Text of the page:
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Thinking like Sam (aka Some of SamR’s thoughts on software development) (#216)

Topics/tags: Don’t embarrass me, don’t embarrass yourself: Thoughts on thinking in C and Unix

As I’ve noted already, the primary focus of this work [1] is trying to help you understand some of the ways C programmers approach software development and some of the ways Unix programmers approach software development. As you might expect, my reporting on these issues is colored by my perspectives and experience. And so, this work is also probably a reflection of Thinking like Sam. My goal is not to force you to think like me. However, I do want to warn you that what you see here will reflect my biases and approaches. Let’s consider a few.

Document diligently. I believe programmers have a responsibility to document their code to help those who come after them (and to help themselves when they return to the code). I don’t expect deep preconditions and postconditions (although they are nice), but each procedure should have a short comment that explains what it does, and any tricky parts of the code probably need an explanation. I tend to develop by listing steps as comments and then going back and coding. I realize that represents more comments than most programmers need, but I find it a useful strategy. I also realize that comments tend to go stale, so good programmers take the time to update (or remove) comments when they change their code.

Try to test. You have some responsibility to make sure that your code is correct. Careful analysis helps. But it also helps to have tests in place that you can easily run to check your code. I find that writing tests helps me think better about what I want the code to do, and what is likely to go long, particularly as I explore edges. [2]

Continue to concentrate on core concepts. Programming fads come and go. My long-time experience suggests that many key concepts that programmers and computer scientists needed to learn three decades ago remain important today. Computer scientists, computer programmers, and software developers (computer scientists, in the following). need to be able to design, read, and analyze algorithms and data structures. Computer scientists need to know the basic literature of algorithms and data structures: searching and sorting algorithms; stacks, queues, linked lists, hash tables, and graphs. Computer scientists need to understand memory layout. And yes, there are others concepts computer scientists need. Those are just some that immediately spring to mind.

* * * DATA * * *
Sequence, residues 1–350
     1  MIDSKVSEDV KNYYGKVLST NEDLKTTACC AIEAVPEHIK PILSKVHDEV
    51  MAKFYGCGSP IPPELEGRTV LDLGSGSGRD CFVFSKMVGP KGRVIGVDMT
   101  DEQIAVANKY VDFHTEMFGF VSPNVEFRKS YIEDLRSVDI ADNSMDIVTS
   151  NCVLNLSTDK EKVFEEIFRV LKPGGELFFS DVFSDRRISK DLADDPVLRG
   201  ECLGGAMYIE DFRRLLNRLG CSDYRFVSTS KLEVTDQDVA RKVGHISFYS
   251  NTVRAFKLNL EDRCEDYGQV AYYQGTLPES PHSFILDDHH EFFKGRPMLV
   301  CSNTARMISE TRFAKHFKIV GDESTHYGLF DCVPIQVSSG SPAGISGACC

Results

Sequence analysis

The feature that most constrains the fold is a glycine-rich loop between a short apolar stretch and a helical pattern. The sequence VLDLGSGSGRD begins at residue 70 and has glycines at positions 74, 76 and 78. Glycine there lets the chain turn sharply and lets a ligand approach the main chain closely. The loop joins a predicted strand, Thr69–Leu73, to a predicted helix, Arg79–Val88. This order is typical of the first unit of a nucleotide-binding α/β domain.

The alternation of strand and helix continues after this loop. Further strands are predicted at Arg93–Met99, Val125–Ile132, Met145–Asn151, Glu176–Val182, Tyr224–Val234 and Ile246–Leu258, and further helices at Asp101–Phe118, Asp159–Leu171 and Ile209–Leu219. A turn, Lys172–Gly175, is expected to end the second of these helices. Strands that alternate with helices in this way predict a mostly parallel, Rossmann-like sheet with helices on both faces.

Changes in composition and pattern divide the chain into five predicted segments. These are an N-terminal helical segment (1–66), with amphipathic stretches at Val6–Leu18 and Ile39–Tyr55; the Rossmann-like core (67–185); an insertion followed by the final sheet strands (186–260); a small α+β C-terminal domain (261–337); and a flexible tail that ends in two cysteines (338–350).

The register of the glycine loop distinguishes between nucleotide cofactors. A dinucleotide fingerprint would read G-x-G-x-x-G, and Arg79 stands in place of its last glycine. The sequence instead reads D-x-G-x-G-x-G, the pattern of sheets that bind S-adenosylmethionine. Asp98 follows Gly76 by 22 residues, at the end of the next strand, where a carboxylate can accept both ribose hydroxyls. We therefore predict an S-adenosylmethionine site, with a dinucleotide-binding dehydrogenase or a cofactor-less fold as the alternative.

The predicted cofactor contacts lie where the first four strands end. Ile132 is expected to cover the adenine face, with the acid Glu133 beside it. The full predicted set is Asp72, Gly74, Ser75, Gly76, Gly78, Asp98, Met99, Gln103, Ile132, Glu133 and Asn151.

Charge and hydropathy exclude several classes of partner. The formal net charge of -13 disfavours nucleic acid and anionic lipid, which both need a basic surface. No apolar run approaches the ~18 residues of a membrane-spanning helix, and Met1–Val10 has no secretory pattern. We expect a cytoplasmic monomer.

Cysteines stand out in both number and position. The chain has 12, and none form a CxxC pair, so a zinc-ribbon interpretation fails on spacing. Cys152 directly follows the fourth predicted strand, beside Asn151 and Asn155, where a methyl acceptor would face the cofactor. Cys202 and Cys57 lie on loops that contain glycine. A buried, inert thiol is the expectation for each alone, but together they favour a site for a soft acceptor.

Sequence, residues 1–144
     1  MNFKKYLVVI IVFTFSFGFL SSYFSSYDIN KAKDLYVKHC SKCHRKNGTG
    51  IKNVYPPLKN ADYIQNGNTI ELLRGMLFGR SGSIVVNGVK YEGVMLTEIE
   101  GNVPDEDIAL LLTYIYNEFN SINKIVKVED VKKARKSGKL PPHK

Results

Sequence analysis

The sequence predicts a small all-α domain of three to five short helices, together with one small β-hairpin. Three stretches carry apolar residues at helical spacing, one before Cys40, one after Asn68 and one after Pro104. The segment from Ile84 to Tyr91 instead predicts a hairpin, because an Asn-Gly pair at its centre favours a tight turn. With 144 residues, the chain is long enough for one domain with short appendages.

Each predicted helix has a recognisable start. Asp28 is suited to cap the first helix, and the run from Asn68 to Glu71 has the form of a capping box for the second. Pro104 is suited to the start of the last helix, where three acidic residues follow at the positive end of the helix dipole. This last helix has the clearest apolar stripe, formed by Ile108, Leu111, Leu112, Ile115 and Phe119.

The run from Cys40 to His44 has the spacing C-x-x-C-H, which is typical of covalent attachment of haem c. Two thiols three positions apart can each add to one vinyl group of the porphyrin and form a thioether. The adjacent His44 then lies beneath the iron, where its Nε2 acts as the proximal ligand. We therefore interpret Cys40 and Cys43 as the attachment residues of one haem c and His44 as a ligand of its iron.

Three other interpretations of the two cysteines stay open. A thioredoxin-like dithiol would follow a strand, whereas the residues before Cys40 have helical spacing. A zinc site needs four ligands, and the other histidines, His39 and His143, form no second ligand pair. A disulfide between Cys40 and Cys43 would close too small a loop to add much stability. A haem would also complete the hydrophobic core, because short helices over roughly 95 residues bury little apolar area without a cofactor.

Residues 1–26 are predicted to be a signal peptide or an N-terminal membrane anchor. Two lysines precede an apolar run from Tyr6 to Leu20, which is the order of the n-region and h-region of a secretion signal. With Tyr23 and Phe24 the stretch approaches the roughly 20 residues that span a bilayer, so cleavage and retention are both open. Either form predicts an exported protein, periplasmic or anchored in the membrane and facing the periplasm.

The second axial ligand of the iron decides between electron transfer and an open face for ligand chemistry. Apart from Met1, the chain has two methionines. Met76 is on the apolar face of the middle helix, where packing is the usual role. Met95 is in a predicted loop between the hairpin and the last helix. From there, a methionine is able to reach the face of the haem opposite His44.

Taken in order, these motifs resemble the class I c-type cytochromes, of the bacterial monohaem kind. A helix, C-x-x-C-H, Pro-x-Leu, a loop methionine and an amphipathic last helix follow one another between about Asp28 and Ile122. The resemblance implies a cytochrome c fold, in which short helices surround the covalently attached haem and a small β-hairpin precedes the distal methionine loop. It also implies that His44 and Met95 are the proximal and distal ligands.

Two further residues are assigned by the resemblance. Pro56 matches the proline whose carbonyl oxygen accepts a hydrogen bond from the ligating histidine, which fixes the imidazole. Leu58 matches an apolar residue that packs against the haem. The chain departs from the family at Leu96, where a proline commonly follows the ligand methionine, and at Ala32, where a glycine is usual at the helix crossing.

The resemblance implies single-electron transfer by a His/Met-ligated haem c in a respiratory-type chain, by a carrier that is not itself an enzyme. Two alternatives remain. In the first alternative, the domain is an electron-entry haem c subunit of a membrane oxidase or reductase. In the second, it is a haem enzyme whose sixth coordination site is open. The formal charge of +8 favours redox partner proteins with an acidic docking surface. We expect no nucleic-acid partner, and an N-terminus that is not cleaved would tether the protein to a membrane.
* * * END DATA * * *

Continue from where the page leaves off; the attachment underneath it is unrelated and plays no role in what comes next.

Diagram and draw. Most of us understand what is happening in a program better if we draw it out, particularly when we are dealing with pointers or linked structures. I won’t draw much, if at all, in these essays, but I do expect to draw a bit in face-to-face conversations. And, even if I don’t draw, you should.

Generalize, generally. I prefer code that can be used in multiple situations to code that can only be used in particular circumstances. Consider, for example, the problem of sorting. We often start by writing a procedure that sorts a particular type using a particular comparator. Then we realize that we might want to sort in different orders, so we make the comparator a parameter. Then we realize that we may want to sort different types, so we find a way to make the type a parameter, or otherwise to allow different types [4]. While I may ground the details in particular examples, I will strive to help you write general code and to look for approaches that allow you to write general code.

Elucidate experience, both embedded and external (aka share stories). I learn from experience, both mine and others’. When I’ve solved a tricky problem [6], I remember the problem. When I’ve helped others solve a problem, I also remember the problem and the solution. I’ll include a few of these war stories along the way.